March 12, 2022 Russia-Ukraine news

By Jessie Yeung, Adam Renton, Tara John, Sana Noor Haq, Adrienne Vogt, Joe Ruiz and Alaa Elassar, CNN

Updated 12:06 a.m. ET, March 13, 2022
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11:39 p.m. ET, March 12, 2022

Multiple explosions heard near Lviv

From CNN's Mohammed Tawfeeq in Lviv

Multiple explosions were heard shortly before 6 a.m. local time Sunday on the outskirts of the northwestern city of Lviv, near Ukraine's border with Poland.

The explosions were heard by a CNN team on the ground. 

9:50 p.m. ET, March 12, 2022

New mayor installed in Russia-controlled Melitopol after kidnapping. Here’s what we know

Galina Danilchenko
Galina Danilchenko (Melitopol Acting Mayor's Office)

A new mayor has been installed in the Ukrainian city of Melitopol, which is under Russian military control, after the elected mayor was kidnapped on Friday, according to the Zaporozhye regional administration.

Here's what we know about the situation in the city:

  • Melitopol is a city in southern Ukraine that lies between the besieged city of Mariupol and the now Russian-occupied city of Kherson. Russian forces occupied Melitopol within days of the invasion beginning, but the city has seen sporadic protests since.
  • On Friday, Melitopol mayor, Ivan Fedorov, was seen on video being led away from a government building in the city by armed men. 
  • A short time later, the Russian-backed Luhansk regional prosecutor claimed that Fedorov had committed terrorism offenses and was under investigation. According to a message on the Luhansk prosecutor's website, Fedorov is being accused of assisting and financing terrorist activities and being part of a criminal community.
  • Fedorov's detention by the armed men is the first known instance of a Ukrainian political official being detained by Russian, or Russian-backed forces, since the invasion began.
  • Ukrainian President Volodymyr Zelensky demanded his immediate release, saying it was "crime against democracy" and Russia has "switched to a new stage of terror" in its invasion by "trying to physically eliminate representatives of the legitimate local Ukrainian authorities."
  • The Ukrainian Foreign Ministry called Fedorov's detention an "abduction" and a "war crime."
  • Hundreds of people protested the kidnapping outside Melitopol's city hall, with the crowd chanting "Freedom for the Mayor."
  • On Saturday, the Zaporozhye regional administration installed a new mayor, Galina Danilchenko, a former member of the city council.
  • In her televised statement, which was posted by the regional administration on Telegram, Danilchenko said that her "main task is to take all necessary steps to get the city back to normal." 

8:42 p.m. ET, March 12, 2022

Tato and Mama gave me a home in Ukraine. Now they're under attack

From CNN's Mayumi Maruyama

They're not my parents, but after two years of living in Ukraine, they grew to become my Tato and Mama — Ukrainian for "mom" and "dad."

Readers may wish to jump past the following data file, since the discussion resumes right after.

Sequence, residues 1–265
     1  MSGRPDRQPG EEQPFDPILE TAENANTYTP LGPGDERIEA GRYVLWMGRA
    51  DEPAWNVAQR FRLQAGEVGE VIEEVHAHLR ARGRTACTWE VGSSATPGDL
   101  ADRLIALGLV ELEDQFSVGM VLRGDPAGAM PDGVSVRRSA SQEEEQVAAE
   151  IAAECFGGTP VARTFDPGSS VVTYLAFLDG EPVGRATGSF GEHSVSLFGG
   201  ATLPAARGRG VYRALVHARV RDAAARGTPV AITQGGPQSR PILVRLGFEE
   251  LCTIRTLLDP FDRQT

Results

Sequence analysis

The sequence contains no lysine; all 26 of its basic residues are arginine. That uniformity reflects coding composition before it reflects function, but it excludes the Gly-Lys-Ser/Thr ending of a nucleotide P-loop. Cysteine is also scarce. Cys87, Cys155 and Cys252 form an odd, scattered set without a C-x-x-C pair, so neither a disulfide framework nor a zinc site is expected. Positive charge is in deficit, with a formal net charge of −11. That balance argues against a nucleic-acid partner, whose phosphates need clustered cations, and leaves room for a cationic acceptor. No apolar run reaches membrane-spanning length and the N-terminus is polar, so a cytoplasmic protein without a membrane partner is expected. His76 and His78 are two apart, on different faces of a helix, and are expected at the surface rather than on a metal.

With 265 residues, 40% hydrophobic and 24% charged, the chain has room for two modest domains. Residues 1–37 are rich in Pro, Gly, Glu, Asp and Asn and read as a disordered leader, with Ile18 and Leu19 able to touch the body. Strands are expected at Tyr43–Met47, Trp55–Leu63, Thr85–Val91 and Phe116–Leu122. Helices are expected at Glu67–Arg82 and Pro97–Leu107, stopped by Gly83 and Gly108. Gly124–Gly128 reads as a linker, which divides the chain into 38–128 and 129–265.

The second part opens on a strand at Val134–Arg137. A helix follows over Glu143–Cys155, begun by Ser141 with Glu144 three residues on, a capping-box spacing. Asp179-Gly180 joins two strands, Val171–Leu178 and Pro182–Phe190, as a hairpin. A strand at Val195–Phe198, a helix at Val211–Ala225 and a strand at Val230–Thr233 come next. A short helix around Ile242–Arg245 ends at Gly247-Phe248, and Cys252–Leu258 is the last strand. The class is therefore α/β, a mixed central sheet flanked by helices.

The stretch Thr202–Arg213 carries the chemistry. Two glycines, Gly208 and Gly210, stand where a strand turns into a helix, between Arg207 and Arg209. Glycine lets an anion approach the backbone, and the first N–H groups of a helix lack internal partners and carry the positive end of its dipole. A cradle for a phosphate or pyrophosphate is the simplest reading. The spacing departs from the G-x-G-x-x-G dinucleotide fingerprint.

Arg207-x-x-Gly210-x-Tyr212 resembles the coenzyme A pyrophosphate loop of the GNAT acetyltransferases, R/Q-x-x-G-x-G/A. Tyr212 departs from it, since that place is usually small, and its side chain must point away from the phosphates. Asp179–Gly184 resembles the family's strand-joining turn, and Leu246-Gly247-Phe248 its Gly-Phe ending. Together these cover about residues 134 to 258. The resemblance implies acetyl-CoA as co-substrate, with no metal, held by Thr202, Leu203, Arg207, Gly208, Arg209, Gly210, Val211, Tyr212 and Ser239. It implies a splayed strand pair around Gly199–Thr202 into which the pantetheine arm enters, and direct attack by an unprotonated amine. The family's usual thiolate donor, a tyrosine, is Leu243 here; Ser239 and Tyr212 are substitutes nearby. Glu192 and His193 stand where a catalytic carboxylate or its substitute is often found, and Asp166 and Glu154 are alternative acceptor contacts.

Five years ago, they welcomed me into their home like a daughter — now they're living under Russian bombardment, the sound of shelling punctuating every precious call.

Tato, a white-haired man in his early 60s, tells me on the phone he can see explosions from the front yard of their home in a small village outside the northern city of Chernihiv. Mama, who's a few years younger, sobs as she tells me they have no water, no power, and no safe way to leave. 

Their only form of transportation is a rundown Soviet-era car that's so rusted you can see the ground rush by through a hole in the floor. And Mama's 91-year-old mother, Babusya, is so frail she rarely leaves her bed.

Ukrainians in some other cities have been been able to flee their homes, escaping the Russian attacks via temporary evacuation corridors, but no clear route exists out of Chernihiv or their village. 

Just over a week ago, Tato sent me a photo of black smoke billowing into the air from explosions near his village.

"If we survive, maybe we'll see each other," his text read.

Read the full story:

8:11 p.m. ET, March 12, 2022

Zelensky pleads for more aid, says 12,729 Ukrainians successfully evacuated Saturday

From CNN's Mallory Gafas

(Facebook)
(Facebook)

Ukrainian President Volodymyr Zelensky said he was grateful for international support and pleaded with allies for more aid in an address Saturday.

“I keep reiterating to our allies and friends abroad; they have to keep doing more for our country, for Ukrainians and Ukraine. Because it is not only for Ukraine, but it is for all of Europe,” he said. “The evil which purposefully targets peaceful cities and ambulance vans and explodes hospitals will not stop with just one country if they have the strength to keep going.”

Zelensky also said humanitarian corridors in Ukraine have been “working,” announcing 12,729 people were evacuated Saturday.

“All of the humanitarian corridors, by the way, which were agreed to – they have worked,” he said, adding “and then there will be humanitarian aid to Mariupol [but] because of difficulties, they had to stop in Gdansk.”

Zelensky also vowed to bring Russian occupiers and their sympathizers to justice, saying “all the occupiers and all the collaborators will know that Ukraine will not forget. Never, nothing. Ukraine will not forget. Ukraine will find them and will call them to responsibility, each one of them.”

6:51 p.m. ET, March 12, 2022

Seven civilians killed while trying to evacuate Kyiv region, Ukrainian Defense Ministry says

From CNN Staff

Seven civilians, including women and a child, were killed while trying to flee Ukraine's Kyiv region, the Ukrainian Defense Ministry confirmed Saturday.

"Russians shot at a column of women and children in Kyiv region, who were trying to evacuate along a previously agreed 'green' corridor. The result of this brutal act - seven dead. One of them is a child," a tweet from the Ukrainian Defense Ministry said.

However, an update from the Defense Intelligence of Ukraine said the civilians were fleeing on a route that was not an agreed-upon "green corridor." 

The group of women and children were attempting to evacuate near the village of Peremoga in Kyiv on Friday when they were shot at by Russians, according to Ukraine's intelligence agency.